The ecology and growth patterns of Cleistogenes species in degraded grasslands of eastern Inner Mongolia, China.

Published online
11 Sep 2002
Content type
Journal article
Journal title
Journal of Applied Ecology

Liang Chen & Michalk, D. L. & Millar, G. D.
Contact email(s)

Publication language
Nei Mongol & China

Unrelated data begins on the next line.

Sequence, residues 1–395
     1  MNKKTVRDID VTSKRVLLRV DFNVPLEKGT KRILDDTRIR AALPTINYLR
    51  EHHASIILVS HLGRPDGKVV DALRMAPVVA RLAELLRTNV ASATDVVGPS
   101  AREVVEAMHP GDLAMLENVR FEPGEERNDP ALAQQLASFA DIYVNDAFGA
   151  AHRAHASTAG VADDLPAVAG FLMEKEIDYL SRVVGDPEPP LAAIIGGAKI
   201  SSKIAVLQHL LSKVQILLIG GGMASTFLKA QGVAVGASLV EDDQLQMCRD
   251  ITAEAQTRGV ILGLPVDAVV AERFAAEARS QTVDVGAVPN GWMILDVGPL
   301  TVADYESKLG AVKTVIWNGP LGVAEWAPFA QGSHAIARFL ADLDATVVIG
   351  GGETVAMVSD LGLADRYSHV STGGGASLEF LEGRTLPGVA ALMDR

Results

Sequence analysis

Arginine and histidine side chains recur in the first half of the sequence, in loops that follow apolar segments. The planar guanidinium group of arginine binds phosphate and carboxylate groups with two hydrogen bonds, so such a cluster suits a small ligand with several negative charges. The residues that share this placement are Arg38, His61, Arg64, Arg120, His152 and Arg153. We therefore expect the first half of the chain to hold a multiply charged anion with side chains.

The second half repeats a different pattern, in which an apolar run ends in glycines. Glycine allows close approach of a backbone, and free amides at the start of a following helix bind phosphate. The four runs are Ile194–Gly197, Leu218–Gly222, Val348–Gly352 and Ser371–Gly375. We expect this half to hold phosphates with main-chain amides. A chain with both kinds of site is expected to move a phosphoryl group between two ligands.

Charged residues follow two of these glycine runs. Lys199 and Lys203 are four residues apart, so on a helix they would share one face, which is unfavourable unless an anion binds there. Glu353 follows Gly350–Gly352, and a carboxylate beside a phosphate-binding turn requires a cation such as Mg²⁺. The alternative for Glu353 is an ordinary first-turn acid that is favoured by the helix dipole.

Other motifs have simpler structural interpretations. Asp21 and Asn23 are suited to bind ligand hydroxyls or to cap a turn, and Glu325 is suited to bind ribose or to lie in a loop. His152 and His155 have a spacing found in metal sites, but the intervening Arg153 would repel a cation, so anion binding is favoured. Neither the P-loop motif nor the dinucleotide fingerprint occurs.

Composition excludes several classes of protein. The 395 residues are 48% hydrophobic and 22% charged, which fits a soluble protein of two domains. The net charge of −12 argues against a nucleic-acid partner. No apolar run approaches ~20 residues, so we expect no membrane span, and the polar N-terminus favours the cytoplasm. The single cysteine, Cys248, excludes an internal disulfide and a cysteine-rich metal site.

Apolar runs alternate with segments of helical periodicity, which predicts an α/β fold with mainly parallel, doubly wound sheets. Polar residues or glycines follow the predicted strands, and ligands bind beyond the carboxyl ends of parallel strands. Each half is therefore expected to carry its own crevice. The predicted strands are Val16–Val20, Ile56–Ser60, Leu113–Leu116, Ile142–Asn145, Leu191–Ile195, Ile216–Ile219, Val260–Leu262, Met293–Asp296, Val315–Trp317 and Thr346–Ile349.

Cleistogenes is an important perennial grass genus found in the pastoral steppes of eastern Inner Mongolia. Despite its dominance in many grassland types, the value of Cleistogenes as a key genus for sustainable grassland development has only recently been recognized. To understand better how to manage Cleistogenes-dominant grasslands, an experiment was conducted in China, to characterize the growth patterns of two Cleistogenes species (C. polyphylla) and (C. squarrosa [Kengia squarrosa]) in relation to environmental parameters. Sampling exclosures were established on uniform grasslands at Mangha and Liuhe gachas. Over two growing seasons (1999-2000) vegetation cover, green and dry biomass by species, species height and tiller density of Cleistogenes were measured at about monthly intervals starting in mid-May and ending in mid-October. Cleistogenes polyphylla at Mangha and C. squarrosa at Liuhe accounted for >50% of green biomass. Neither species made any significant growth before late June, even though soil moisture was available and a large number of tillers were present that had survived the subzero winter intact. In contrast, other species (Prunus sibirica, Potentilla spp. Aneurolepidium chinense [Leymus chinensis]) produced up to 500 kg ha-1 biomass in early spring. A relationship between temperature and green weight (wt) tiller-1 indicated that Cleistogenes required an average air temperature >20°C to initiate growth, most probably due to its C4 photosynthetic pathway. In this region, temperatures above 20°C also coincide with periods of most reliable rainfall, which may explain the success of Cleistogenes in grassland degraded by overgrazing. In contrast, competing C3 species (e.g. Stipa spp. and Aneurolepidium chinense) initiate growth earlier in spring when rainfall is highly variable and when small plants are most exposed to severe grazing pressure by livestock emerging from winter in poor condition. Where Cleistogenes spp. completely dominated the grassland, the length of the growing season was shorter and feed shortages in early spring became more acute than for grasslands dominated by C3 species. Livestock producers can minimize this effect by adopting management tactics such as resting pastures in spring to maintain a balance between C3 and C4 perennial grasses. Further research is needed to establish when grazing and strategic rest have most impact on the stability of Cleistogenes-dominant grasslands.

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